The magistrate, as an investigator, is interested in what other people think. This makes him the exact opposite of Meursault in psychological makeup. He examines Meursault’s testimony for the insights they might provide about Meursault’s mind, rather than making an effort to establish the facts of the murder. He tells Meursault that with God’s help, he will try to “do something” for him. The magistrate asks Meursault if he loved his mother before asking about the five shots. Thus, the connection between Meursault’s behavior at his mother’s funeral and his act of murder is made concrete. The magistrate then presents Meursault with a Bible and crucifix, hoping to save Meursault’s soul.

The ruse backfires because Meursault refuses to see the relevance of religion to the state’s case against him. Having failed to “do something for him,” the magistrate never brings up the matter again.

The magistrate is an important character in the story as the representative of society’s law. He fails in his attempt to make Meursault acknowledge either the authority of law or that of religion. The magistrate is entirely unable to understand Meursault and after a few sessions speaks only to his lawyer.


Masson is the owner of the beach house to which Raymond takes Meursault and Marie for the day. Masson is an obese, carefree fellow who wants them all to live there in the vacation month of August and share expenses. He believes that lunchtime is when one is hungry and that it is good to do things when one wants and not according to schedule. Thus he is simply a man who likes to live well and to be happy.

Arthur Meursault

Meursault is a French Algerian clerk who learns that his mother has died. He attends the funeral and, on the following day, goes to the beach. There, he meets Marie, with whom he begins a relationship. A neighbor invites him to the beach, where they encounter some Arab men. Meursault shoots one of the men for no apparent reason. He is arrested, tried, and executed. Until the moment when the judge pronounces him guilty, Meursault is annoyingly indifferent to the activities of the real world. The judgment jars him into an examination of life, at the end of which he concludes that life is absurd. He finds peace and happiness in this acknowledgment. This conclusion of his analysis, Meursault discovers, is liberating.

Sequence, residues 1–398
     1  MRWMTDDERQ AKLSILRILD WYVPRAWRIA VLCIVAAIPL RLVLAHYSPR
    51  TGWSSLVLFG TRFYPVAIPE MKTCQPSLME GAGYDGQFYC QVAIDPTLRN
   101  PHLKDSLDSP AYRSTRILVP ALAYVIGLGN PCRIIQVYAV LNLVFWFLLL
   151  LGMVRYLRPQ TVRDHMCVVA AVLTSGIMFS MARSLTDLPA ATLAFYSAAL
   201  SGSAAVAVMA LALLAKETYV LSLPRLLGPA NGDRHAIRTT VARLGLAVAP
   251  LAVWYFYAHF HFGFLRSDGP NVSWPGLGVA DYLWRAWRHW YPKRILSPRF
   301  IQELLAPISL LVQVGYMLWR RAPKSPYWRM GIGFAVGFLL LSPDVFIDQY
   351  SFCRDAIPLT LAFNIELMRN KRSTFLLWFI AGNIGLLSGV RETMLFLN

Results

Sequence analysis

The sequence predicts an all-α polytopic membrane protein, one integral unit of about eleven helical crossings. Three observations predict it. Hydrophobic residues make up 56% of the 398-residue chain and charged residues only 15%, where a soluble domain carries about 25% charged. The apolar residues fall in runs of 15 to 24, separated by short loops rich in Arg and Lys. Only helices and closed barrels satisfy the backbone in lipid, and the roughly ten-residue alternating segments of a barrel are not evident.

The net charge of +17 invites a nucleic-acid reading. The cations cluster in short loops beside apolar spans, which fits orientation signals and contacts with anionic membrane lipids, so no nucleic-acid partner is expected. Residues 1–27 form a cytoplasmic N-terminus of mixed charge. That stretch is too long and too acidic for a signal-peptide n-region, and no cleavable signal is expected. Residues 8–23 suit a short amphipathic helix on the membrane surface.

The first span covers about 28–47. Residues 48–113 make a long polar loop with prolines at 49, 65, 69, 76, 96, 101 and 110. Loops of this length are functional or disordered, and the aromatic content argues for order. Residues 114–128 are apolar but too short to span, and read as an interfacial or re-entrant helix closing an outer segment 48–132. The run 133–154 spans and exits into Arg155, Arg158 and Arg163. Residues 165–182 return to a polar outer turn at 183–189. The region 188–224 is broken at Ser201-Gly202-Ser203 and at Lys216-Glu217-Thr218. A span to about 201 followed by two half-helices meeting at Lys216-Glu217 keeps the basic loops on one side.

The Stranger is the manifestation or incarnation of Camus’s theory of the “absurd” man. Meursault reveals Camus’s theory through his actions. That is, the protagonist, Meursault, possesses a curious psychology whose activity is of more interest than the fact of his crime. Meursault is an “outsider”—a person who lives in his own private world and maintains no interest in anyone else, least of all in how they view him. However, he is not unaware of others. Several crucial moments demonstrate this: at the opening, Meursault is aware that his boss shows him no sympathy upon hearing of his mother’s death. Next, he is aware that one is expected to mourn the dead, which he refuses to do. He knows he could say he loved Marie and that she would accept his love, but he does not. Lastly, he is aware, throughout his own trial, that he ought to say certain things, but he does not.